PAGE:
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The Locavore School

The setting seems unlikely, but Sara Tedeschi discovered one of her life’s passions in a noisy Madison elementary school lunchroom, where she helped as a parent volunteer.

Tedeschi was already working at CALS’ Center for Integrated Agricultural Systems (CIAS) on a program called Farm to College, which sought to increase purchasing of locally grown foods by Wisconsin colleges and universities. But looking around her children’s cafeteria, she saw another arena for improvement.

Kids were being served plastic-sealed lunches in the form of “hot packs” and “cold packs” featuring meal components delivered largely through national distribution companies or the USDA commodities program. Hot packs contained items to be heated up—a meat patty and french fries, for example—in a school kitchen so minimally equipped that no real cooking could take place there, a typical set-up in many school buildings. Cold packs contained accompanying items—a bun and ketchup for the burger, for example, and a serving of a raw fruit or vegetable such as carrots.

“There were no choices or self-serving that would allow children to take ownership of what they ate,” recalls Tedeschi. It also squandered “a potential learning moment,” she says, for teaching children all kinds of things about food—what makes a good portion size, the pleasures of colors and textures, what nutrients are found in different foods and why they’re good for you—in a hands-on way that could set kids on a course of healthier eating for life.

That was in 2001. And Tedeschi and her fellow parents weren’t the only ones who wanted to make some changes. In lunchrooms around Wisconsin and, indeed, the nation, parents and professionals in nutrition, agriculture, food service, health care and education were starting to envision and create improvements. Their efforts emerged alongside growing interest in strengthening local food economies and concern about the consequences of poor diets such as the rise in childhood obesity, particularly in areas with limited access to fresh fruits and vegetables.

Their grassroots initiatives became known as “Farm to School,” programs that connect schools with local or regional growers in order to serve their produce in school cafeterias, often drawing many other types of food businesses—food processors, manufacturers, distributors and related operations—into the process. Farm to School also encompasses educational activities such as school gardens, field trips to farms, food tastings and cooking classes with local chefs and farmers, all focused on growing, preparing and eating healthy food.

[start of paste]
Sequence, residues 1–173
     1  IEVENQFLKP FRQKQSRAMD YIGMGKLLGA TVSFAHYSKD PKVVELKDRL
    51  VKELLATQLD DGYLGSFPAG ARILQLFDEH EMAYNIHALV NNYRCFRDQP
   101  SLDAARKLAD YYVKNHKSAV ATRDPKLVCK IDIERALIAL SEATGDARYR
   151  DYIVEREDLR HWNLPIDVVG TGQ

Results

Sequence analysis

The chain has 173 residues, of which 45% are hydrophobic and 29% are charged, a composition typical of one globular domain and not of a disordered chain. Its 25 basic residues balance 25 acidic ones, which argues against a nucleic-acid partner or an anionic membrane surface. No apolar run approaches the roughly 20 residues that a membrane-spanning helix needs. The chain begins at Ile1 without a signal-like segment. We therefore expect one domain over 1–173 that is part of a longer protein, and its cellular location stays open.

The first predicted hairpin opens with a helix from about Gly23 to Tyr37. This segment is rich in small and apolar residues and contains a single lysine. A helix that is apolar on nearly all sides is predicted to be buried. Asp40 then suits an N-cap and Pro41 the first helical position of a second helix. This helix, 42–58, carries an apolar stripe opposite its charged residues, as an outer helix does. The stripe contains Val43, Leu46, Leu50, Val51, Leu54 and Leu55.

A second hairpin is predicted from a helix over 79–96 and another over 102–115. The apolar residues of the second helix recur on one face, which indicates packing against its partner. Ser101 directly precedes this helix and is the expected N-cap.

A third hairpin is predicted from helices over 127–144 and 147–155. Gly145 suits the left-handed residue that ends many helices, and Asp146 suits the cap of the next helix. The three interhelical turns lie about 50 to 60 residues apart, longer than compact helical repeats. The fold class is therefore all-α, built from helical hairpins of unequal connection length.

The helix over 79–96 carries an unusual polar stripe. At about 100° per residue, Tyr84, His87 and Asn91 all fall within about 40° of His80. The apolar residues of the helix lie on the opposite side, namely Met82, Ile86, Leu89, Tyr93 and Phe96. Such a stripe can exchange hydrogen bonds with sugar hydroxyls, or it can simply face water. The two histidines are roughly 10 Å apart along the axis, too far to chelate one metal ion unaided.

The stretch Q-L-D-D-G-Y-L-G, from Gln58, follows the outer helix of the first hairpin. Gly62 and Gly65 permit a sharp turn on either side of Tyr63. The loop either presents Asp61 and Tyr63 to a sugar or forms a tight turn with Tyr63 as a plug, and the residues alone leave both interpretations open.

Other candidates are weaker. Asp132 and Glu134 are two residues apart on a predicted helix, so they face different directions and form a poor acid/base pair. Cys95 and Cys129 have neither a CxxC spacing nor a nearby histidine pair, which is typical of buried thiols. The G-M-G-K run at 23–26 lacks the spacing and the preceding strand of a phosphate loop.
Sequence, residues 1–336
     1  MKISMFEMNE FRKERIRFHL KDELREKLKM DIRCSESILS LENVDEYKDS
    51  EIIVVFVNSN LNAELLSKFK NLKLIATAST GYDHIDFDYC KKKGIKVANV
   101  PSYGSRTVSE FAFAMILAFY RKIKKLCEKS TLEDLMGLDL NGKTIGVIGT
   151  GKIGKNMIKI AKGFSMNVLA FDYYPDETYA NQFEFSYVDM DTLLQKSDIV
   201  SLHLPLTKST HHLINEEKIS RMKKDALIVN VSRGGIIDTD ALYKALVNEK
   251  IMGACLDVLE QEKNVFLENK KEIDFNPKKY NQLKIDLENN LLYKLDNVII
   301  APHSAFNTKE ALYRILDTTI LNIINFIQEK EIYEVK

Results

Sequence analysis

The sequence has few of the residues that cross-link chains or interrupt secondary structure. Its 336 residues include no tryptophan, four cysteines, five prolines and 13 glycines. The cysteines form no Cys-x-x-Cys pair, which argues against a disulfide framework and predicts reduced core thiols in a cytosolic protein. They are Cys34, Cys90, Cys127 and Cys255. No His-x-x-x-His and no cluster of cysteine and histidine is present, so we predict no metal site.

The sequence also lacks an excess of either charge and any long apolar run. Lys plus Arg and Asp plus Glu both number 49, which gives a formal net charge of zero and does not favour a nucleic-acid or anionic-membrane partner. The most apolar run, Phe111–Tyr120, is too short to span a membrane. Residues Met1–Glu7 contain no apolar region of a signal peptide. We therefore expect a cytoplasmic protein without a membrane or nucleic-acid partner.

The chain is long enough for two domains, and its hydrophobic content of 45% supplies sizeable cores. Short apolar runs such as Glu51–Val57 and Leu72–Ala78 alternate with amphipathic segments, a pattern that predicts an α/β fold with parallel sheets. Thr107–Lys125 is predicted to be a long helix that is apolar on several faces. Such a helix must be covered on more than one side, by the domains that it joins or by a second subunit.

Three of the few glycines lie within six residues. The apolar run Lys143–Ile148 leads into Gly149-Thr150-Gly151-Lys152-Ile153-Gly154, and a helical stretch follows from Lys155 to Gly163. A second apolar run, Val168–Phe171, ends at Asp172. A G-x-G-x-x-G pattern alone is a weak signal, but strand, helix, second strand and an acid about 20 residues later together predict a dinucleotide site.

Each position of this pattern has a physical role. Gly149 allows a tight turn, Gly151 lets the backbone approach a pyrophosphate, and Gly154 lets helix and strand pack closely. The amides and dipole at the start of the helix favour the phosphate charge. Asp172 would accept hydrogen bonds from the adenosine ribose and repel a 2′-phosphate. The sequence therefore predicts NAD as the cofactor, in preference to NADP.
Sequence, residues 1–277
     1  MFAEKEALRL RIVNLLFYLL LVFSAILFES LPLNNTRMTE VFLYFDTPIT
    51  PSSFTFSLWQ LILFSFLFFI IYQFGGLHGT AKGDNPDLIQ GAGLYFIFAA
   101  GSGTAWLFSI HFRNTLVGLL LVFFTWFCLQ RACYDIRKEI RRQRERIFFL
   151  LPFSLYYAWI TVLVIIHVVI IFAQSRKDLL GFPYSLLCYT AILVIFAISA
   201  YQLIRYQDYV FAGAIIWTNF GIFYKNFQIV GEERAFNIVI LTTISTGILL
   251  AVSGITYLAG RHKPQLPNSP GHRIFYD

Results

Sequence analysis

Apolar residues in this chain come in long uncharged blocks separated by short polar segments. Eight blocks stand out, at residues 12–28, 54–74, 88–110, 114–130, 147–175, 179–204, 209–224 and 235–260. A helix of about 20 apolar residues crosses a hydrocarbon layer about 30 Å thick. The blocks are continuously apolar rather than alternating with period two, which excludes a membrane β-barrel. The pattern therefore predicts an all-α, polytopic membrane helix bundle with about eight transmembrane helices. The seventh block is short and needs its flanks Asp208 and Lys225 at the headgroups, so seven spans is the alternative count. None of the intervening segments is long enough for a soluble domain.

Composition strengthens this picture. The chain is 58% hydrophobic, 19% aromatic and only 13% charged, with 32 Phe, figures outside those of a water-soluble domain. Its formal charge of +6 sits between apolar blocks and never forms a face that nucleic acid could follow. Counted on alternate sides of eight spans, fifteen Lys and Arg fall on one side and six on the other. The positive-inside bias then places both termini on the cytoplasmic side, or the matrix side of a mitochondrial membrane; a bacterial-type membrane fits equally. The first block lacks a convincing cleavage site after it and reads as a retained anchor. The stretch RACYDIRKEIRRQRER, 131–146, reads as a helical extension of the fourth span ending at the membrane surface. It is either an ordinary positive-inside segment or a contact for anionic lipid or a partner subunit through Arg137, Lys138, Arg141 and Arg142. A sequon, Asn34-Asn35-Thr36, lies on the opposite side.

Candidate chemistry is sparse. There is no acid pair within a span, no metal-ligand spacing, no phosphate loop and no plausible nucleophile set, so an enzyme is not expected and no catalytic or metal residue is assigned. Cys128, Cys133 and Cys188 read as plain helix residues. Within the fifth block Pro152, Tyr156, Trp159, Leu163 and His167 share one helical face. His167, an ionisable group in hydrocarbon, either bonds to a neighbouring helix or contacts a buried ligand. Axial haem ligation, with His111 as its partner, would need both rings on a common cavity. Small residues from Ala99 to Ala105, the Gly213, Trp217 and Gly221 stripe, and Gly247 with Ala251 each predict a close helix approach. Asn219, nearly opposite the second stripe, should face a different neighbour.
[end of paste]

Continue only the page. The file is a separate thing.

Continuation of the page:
Resources serving Farm to School sprang up as interest grew. Today they include the nonprofit National Farm to School Network (NFSN), a USDA program and numerous grant opportunities at federal, state and local levels. According to NFSN, Farm to School programs now operate in more than 10,000 schools in all 50 states.

From the beginning the movement had a vibrant presence in Wisconsin. When Tedeschi had her “cafeteria moment,” she shared her ideas at CIAS, most notably with her mentor, Jack Kloppenburg, a CALS professor of community and environmentalsociology who had long been working to strengthen ties between urban communities and area food growers. He and Tedeschi received federal and other funding to launch “Wisconsin Homegrown Lunch,” essentially Wisconsin’s first Farm to School program, with Tedeschi serving as coordinator. The program was carried out in partnership with REAP Food Group, a Madison-based nonprofit that Kloppenburg helped found and that remains a Farm to School leader in southcentral Wisconsin.

The Wisconsin program had a wide influence and helped ignite other Farm to School initiatives nationwide. CIAS remains a leader in the field, providing technical assistance and resources throughout the state and region. Activities include working with the state Department of Agriculture, Trade and Consumer Protection (DATCP) on a Farm to School AmeriCorps program that provides staff for eight Farm to School sites around the state; serving as host of the Great Lakes Region Farm to School Network, one of eight regional groups comprising the national network; and advising on Wisconsin’s first Farm to School legislation, passed in 2009, which among other things calls for a new staff position at DATCP to foster development of Farm to School. And CIAS last year convened the first statewide Farm to School summit in Wisconsin to serve the growing demand for information, networking and
assistance.

Wisconsin Farm to School programs are blooming in school districts large and small. Chilton, a district of nearly 1,200 students in Calumet County, has set the gold standard for what Farm to School can be by incorporating not only fruits and vegetables but also meat and dairy from area farms into a healthful, varied menu of scratch-cooked meals. Middleton–Cross Plains, a district feeding 6,250 children, during the fall features a local item on the menu almost daily and, with such long-storage items as apples and potatoes, maintains a regular appearance of local foods throughout the school year.

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